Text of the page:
We met in 2009 at a bar right down the street from our apartment in Park Slope. I had just moved back to the city and needed to meet musicians so a mutual friend of ours said to me "Come meet this great guitarist and drummer in BK tonight!". I did. It was not an immediate love connection, but rather born from us becoming close friends and bandmates. We actually tried to avoid dating at all costs for the first 2 years.. a tumultuous ride but it worked out in the end. If you would have told me that an Israeli drummer that I met in a bar in 2009 would go on to be my husband and fellow Grammy nominee in 2019.... I wouldn't have believed you!

With all the music that happens in your home, do you ever get requests from the neighbors?

BEST QUESTION. We have a little condo in West Haven, CT that was supposed to be for vacation and NOT for music making. LIttle did our condo association know, but we showed up with drums, singing lessons and a large foster pitbull! No one makes requests yet... only request is not to play drums past 8pm. HA!

All of life isn't about the work and the art - put a picture in my head of Nicole and Dan as a couple, and please let me know if your personal billing preference is Nicole and Dan or Dan and Nicole.

Nicole and Dan. AHAH. Well, we didn't know we knew how to cook until quarantine. We also didn't realize how much we like spending time together since both of us were living out of suitcases for the past 3 years at least. Most of our life hasn't been about art or creativity so far... but rather, survival. I'm ok with that. Everytime I kick myself for not writing 20 new songs, I remember that I played 500 songs for people and made them smile and sing along instead. That's a win in my book.

What has life in isolation for four months looked like at your place?

Does being knee deep in a bag of double stuffed Oreos count for anything? Honestly, it took about 2 months for us to kick the depression monster and the existential dread. Another month and a half of exercising which we ruined every single night by copious amounts of Nutella on whatever carb we could get a hold of. We tried to train our foster dog Bella to no avail, but at least she knows love and affection now which she certainly was deprived of prior to coming to live with us. We were fortunate to have the Connecticut condo which gave us a much better quality of life than our tiny apartment in Brooklyn. It's amazing what a window can do for the soul.

You are a jazz musician; there is a kind of soft line drawn between the entities of the jazz club and the cabaret room. Do you think that there is a way to erase that line for a more cohesive arts community in small venue performance arenas?

I WOULD DO ANYTHING To make that happen! I've always sat in between genres, which has been quite the hindrance, albeit strangely authenticating and life affirming at the same time. I think the jazz community already has lines in the sand that are too strict, too cliquey. Birdland jazz club has been a home to me for 2 1/2 years now, and I think they tow the line beautifully when it comes to welcoming both cabaret and heavy jazz acts. 55 Bar is another wonderful venue in New York City that has all types of music. Small venues at this point in time need to come together and get people in the door (socially distanced of course). Good music is good music, period. Rather than judge by what box people fit it, shouldn't we judge by what music touches the soul? Damn I sound like a granola eating hippie and I'm ok with that.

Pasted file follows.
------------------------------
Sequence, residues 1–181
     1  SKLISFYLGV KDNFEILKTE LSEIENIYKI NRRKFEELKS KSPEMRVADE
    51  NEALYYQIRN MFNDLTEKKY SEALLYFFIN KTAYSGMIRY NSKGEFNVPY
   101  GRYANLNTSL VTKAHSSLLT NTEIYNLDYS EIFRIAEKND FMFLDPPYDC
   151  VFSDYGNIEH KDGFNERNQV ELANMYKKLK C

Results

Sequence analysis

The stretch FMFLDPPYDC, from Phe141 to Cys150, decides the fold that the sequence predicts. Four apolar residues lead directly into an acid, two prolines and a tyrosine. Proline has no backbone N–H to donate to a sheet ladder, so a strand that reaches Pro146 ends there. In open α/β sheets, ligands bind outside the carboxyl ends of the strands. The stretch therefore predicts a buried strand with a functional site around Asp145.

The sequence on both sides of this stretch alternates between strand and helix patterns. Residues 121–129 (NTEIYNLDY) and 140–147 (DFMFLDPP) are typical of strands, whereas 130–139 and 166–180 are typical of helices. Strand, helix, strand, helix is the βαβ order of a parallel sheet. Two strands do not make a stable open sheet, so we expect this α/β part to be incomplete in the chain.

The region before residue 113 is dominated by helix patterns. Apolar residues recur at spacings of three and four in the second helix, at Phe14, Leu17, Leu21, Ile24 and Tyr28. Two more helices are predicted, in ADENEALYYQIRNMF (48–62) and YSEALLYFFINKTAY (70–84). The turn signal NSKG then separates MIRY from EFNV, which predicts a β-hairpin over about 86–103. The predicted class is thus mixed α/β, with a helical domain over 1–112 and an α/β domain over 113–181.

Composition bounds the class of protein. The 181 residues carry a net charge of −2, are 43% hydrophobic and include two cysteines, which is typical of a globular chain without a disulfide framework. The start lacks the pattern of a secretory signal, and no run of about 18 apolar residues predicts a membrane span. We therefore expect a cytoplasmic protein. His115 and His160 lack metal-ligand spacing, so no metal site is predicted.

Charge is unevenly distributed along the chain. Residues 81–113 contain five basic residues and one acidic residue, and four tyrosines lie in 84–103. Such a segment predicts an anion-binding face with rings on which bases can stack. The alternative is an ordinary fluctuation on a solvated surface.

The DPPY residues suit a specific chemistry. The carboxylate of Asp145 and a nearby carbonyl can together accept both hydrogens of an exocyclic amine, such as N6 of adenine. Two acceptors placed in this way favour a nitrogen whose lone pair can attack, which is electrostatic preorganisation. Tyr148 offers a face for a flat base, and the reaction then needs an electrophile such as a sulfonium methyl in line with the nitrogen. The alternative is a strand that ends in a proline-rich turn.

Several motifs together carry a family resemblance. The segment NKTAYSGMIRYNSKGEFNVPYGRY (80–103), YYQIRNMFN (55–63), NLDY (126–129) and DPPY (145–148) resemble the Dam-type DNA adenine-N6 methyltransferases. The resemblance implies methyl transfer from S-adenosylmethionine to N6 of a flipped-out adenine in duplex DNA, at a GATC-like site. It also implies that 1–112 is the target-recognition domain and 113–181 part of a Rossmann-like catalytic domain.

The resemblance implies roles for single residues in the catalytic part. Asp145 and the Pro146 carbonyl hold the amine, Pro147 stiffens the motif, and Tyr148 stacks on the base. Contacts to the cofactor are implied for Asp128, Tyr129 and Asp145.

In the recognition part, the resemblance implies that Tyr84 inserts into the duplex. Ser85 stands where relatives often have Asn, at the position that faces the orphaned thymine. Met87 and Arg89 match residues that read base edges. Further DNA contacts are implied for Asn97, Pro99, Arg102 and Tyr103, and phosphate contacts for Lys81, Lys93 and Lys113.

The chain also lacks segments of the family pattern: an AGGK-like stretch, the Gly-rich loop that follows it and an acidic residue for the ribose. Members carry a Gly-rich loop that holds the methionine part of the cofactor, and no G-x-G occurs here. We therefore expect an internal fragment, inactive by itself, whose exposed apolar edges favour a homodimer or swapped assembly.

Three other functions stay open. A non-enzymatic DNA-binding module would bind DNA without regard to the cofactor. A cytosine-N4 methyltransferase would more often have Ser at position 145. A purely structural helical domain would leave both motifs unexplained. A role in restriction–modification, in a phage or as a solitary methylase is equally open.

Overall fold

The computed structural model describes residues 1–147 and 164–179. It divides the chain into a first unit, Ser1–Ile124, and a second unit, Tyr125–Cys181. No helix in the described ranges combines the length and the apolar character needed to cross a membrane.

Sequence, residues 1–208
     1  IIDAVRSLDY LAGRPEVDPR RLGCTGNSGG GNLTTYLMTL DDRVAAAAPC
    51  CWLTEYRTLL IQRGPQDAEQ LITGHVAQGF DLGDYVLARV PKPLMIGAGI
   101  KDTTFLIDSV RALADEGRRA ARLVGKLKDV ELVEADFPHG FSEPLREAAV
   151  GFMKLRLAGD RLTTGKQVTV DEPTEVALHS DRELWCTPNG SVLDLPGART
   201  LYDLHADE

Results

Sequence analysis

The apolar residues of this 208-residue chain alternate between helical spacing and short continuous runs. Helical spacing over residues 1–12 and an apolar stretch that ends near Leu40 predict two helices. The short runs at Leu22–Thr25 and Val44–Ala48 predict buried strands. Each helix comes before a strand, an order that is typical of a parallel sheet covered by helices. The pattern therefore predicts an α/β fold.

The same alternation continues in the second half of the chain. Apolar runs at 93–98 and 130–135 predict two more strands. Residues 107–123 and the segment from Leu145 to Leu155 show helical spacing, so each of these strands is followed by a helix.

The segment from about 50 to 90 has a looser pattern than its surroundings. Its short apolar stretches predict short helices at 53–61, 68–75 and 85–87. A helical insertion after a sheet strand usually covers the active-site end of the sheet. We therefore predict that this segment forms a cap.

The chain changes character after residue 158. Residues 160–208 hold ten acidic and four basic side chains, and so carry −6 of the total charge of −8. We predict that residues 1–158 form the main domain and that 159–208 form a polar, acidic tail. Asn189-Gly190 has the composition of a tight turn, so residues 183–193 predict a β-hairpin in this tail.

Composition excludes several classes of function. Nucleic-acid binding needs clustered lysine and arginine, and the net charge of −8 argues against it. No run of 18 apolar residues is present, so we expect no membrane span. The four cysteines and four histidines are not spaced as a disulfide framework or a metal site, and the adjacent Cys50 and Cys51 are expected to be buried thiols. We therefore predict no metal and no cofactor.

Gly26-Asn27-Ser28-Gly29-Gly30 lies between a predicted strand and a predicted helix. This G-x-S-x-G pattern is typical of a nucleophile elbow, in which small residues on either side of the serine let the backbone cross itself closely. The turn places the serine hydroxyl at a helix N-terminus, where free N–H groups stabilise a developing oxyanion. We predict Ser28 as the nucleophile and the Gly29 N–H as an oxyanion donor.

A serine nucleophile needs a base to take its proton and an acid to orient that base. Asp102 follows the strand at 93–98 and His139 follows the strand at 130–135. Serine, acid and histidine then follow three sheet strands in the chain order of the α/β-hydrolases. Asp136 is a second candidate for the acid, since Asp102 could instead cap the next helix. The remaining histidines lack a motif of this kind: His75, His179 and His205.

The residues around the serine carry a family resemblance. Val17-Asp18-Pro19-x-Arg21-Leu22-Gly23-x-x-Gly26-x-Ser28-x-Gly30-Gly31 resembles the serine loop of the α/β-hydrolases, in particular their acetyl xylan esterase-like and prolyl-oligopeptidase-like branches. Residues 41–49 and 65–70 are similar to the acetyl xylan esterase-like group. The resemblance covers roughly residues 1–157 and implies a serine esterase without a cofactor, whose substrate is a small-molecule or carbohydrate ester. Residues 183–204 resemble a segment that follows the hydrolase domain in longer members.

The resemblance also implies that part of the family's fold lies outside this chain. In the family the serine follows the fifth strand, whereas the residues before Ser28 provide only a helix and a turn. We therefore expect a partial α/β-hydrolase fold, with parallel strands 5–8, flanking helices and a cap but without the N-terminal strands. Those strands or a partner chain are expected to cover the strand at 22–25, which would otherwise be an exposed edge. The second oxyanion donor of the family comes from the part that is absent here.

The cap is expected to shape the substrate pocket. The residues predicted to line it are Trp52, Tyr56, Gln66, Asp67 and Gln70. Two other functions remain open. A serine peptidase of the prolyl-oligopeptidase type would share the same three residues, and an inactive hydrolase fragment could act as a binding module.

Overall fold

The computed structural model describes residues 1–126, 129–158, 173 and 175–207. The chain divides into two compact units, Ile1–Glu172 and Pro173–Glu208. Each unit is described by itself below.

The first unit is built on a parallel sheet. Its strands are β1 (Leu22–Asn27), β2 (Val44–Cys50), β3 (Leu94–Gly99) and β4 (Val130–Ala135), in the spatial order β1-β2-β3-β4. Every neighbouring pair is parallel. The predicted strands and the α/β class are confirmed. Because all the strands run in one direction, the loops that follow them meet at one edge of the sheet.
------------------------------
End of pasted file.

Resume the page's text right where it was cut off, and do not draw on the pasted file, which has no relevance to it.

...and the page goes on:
How does one prepare, emotionally and mentally, to attend The Grammy Awards?

BWW Feature: At Home With Nicole ZuraitisWell it's always better to be shocked that you are attending so you don't have much time to prepare at all! We found out that our independent release of "Jolene" was nominated for Best Arrangement Instrument and Vocals in December 2018. We attended the Grammy Awards in January 2019. Not much time to prepare, and the shock was real. At first we said "Is this a mistake?? We didn't even campaign!" But the nomination gave me a lot of faith in the music industry and re-started the dreamer in me. I reached out to an incredible stylist Dennis Kenney, of Style with Den, and he decked me head to toe in glamour. I wore diamonds that were worth more than all the contents of my apartment combined. It was epic and the inner insecure chubby awkward girl who had always wanted to be in the spotlight came shining through with a vengeance. Mentally, I didn't prepare a speech because I saw the competition was stiff. Perhaps I should have so I could have kept the speech, but I would rather wait til the next time I'm there... fingers crossed!! We felt like we had already won by attending. Also I couldn't put a price on the confidence it gave me to keep pursuing music and songwriting and performance as a career. Dan and I had been talking about what else we could possibly do right before the nomination.... so it was in the stars for us not to give up just yet.

Nicole, I am so happy you agreed to chat with us today, I am such a big fan. Thank you so much.

I AM SUCH a big fan of you!!! You are one of the most incredible writers and reviewers on the planet. A kind and generous soul. THANK YOU.

Aw, shucks.

There will be a virtual show on July 31st for the release of the CD ALL WANDERING HEARTS. See the Facebook event page HERE

Photos courtesy of the Nicole Zuraitis Facebook page and Stephen Mosher


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From This Author Stephen Mosher